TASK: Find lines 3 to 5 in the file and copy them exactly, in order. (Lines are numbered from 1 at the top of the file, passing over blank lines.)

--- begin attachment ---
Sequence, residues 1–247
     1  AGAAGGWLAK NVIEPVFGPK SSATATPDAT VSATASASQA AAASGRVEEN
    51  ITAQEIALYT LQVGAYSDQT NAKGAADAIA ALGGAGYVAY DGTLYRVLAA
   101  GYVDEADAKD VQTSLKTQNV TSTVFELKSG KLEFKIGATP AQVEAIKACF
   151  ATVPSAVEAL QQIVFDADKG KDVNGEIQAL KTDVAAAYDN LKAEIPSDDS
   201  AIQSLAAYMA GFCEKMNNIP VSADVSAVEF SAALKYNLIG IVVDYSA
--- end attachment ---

    51  ITAQEIALYT LQVGAYSDQT NAKGAADAIA ALGGAGYVAY DGTLYRVLAA
   101  GYVDEADAKD VQTSLKTQNV TSTVFELKSG KLEFKIGATP AQVEAIKACF
   151  ATVPSAVEAL QQIVFDADKG KDVNGEIQAL KTDVAAAYDN LKAEIPSDDS